Overall this tour was very worthwhile, as it gave me a good feel for the city and surrounding areas, and provided an internal map for further exploration.
Friday, January 18, 2008
For about 20 days, I worked in Brisbane, Queensland, Australia.
Getting there and back was the tough part. I struck a deal with management to fly Business Class for the outbound trip since the distance from Virginia is so great. So I boarded a Korean Air 747 from Washington Dulles to Seoul, Korea (about 14 hour direct flight including a delay on the ground at Dulles), and after a brief layover in Seoul, boarded a Korean Air Airbus 330 directly to Brisbane. Both flights were comfortable, and I opted for the Korean food each time.
Upon arrival in Brisbane, I took a taxi from the airport to my hotel, the Hilton Brisbane. The Hilton is located conveniently in the Central Business District (CBD), which is a good thing if you are on a business trip. It is also adjacent to the Queen Street Mall, with many shopping, dining, and entertainment establishments.
Brisbane is the capital of Queensland, one of the six states of Australia. Located on the northeast part of the continent, it also hosts the Great Barrier Reef, which starts a few hundred miles North of Brisbane. Before my arrival in Aus, I thought that perhaps I'd be able to take a weekend and see the Reef, but, like many others, the sheer scale of the Australian continent didn't register in my pea-brain until I was actually there. Cairns, a popular jumping-off place to the Reef, is 1000 miles to the North. Ditto for the Aus Capital, Sydney: 1000 miles to the South. It looks like I will have to save those trips for another visit... And I do plan to return!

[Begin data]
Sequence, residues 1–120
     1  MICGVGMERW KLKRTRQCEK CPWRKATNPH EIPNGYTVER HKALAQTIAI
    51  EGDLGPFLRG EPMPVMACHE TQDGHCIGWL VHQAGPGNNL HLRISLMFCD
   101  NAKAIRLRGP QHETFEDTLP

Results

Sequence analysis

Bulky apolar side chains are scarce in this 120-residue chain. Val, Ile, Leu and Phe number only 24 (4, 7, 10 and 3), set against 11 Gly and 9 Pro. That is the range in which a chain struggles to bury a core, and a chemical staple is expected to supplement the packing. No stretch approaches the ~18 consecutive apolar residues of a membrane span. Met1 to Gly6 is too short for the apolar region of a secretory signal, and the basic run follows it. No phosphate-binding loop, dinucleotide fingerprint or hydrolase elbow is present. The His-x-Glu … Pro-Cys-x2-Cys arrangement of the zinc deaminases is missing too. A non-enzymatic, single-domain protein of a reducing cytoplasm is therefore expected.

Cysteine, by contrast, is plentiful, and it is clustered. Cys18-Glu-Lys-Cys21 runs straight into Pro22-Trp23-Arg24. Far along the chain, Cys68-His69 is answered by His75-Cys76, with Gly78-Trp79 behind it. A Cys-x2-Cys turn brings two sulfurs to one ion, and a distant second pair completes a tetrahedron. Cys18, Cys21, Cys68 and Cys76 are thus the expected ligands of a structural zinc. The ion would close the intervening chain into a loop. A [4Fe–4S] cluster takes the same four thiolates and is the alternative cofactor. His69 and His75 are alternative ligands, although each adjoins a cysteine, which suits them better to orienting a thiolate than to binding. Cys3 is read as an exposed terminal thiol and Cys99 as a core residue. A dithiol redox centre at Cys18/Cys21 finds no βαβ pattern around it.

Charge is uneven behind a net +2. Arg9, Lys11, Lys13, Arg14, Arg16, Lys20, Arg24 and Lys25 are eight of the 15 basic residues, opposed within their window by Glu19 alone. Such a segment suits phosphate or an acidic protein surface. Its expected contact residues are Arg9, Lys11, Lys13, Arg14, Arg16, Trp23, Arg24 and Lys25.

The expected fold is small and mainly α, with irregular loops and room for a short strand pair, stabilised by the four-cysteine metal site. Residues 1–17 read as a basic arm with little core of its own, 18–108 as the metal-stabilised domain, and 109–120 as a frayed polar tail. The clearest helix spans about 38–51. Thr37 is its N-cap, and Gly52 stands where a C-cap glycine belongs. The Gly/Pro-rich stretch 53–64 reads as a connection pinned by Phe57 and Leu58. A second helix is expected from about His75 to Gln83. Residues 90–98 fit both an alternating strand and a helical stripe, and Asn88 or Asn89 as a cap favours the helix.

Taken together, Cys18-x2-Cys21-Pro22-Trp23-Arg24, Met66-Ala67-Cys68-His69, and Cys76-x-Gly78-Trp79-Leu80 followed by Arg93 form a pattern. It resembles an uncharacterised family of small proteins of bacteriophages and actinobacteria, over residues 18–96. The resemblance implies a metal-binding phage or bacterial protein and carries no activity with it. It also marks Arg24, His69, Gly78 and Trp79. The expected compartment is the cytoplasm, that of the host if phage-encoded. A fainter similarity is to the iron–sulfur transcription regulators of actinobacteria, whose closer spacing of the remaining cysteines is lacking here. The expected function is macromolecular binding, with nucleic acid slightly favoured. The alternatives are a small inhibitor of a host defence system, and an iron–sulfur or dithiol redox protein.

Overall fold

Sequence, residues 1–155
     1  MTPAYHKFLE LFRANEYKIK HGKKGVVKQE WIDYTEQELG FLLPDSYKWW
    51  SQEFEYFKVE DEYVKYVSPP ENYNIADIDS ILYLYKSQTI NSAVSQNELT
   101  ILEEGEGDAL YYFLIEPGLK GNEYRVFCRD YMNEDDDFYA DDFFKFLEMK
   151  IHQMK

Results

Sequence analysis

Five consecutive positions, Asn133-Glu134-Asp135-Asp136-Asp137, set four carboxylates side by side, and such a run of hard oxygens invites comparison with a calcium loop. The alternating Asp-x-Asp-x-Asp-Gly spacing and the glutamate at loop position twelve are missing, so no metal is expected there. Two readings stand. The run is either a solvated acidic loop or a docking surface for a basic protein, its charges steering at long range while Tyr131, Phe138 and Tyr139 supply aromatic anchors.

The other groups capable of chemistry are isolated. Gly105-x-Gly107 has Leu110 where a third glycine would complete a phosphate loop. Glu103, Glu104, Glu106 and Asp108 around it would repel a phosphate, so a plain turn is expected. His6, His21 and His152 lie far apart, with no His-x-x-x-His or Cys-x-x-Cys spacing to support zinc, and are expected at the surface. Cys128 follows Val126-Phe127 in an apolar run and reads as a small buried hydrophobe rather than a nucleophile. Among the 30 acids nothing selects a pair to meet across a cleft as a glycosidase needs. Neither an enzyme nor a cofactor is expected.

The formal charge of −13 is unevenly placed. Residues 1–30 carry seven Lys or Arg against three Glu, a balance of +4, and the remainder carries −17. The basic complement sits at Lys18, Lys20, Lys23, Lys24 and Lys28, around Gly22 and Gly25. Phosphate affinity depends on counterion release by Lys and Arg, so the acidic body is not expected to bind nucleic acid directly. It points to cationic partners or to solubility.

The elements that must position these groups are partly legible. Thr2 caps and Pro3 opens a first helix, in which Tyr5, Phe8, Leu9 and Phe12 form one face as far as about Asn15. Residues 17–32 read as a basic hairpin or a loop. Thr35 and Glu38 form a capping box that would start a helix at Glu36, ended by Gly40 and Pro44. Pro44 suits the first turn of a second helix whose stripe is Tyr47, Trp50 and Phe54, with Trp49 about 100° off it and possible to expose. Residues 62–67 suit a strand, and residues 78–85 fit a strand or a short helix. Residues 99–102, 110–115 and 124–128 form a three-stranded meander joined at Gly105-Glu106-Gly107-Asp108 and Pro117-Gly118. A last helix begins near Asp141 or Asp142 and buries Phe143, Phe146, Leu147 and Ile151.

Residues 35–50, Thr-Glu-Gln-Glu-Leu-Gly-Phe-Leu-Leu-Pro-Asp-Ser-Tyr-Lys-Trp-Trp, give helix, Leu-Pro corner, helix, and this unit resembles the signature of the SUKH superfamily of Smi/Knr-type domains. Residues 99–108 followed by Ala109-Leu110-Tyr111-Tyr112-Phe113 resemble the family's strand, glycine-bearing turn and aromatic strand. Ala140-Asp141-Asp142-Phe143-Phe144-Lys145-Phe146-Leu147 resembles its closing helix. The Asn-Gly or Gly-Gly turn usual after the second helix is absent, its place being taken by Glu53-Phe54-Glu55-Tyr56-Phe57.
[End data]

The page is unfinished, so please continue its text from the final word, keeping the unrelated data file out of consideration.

For this trip I will have to stay fairly close to Brisbane. So a city tour is naturally a good place to start.... So, on my first weekend, I decided to book a city tour. Fortunately, there is a Tourist Information Center right in the middle of Queen Street Mall, so booking a tour is a cinch. I selected the Brisbane's Best day tour conducted by Australian Tours.
Continued in section two of Brisbane, Australia: September 2007.
Friday, January 11, 2008
Subtitled "A Traveler's Life List," this book provides bite-sized writeups for 1000 locations around the globe, and also includes several places for each of the United States. Since she covers so many places in a single volume, Patricia Schultz necessarily makes the description of each potential travel destination very concise -- which makes this a good "john" book: an interesting read with which to contemplate exotic places while enthroned on the porcelain pedestal. And a good place to get ideas for your own thousand places...
You can register and make your own maps at fmatlas.com.
Wednesday, January 2, 2008
12/27/2007... Day trip to Strasburg, VA and Washington, VA, about an hour from Manassas. Strasburg is a quaint little town near Front Royal and convenient to I-66 and I-81. It has some nice antique shops and a fairly extensive antique mall.
We lunched at the Hotel Strasburg, a victorian inn with a decent and affordable restaurant.
From Strasburg, we headed to Washington, VA, to take a look at the Inn at Little Washington, which is highly recommended by friends for its superb cuisine. The town of Washington is a small and cozy one-street town with many nice old houses. We'll be sure to return to the Inn for a special occasion dinner!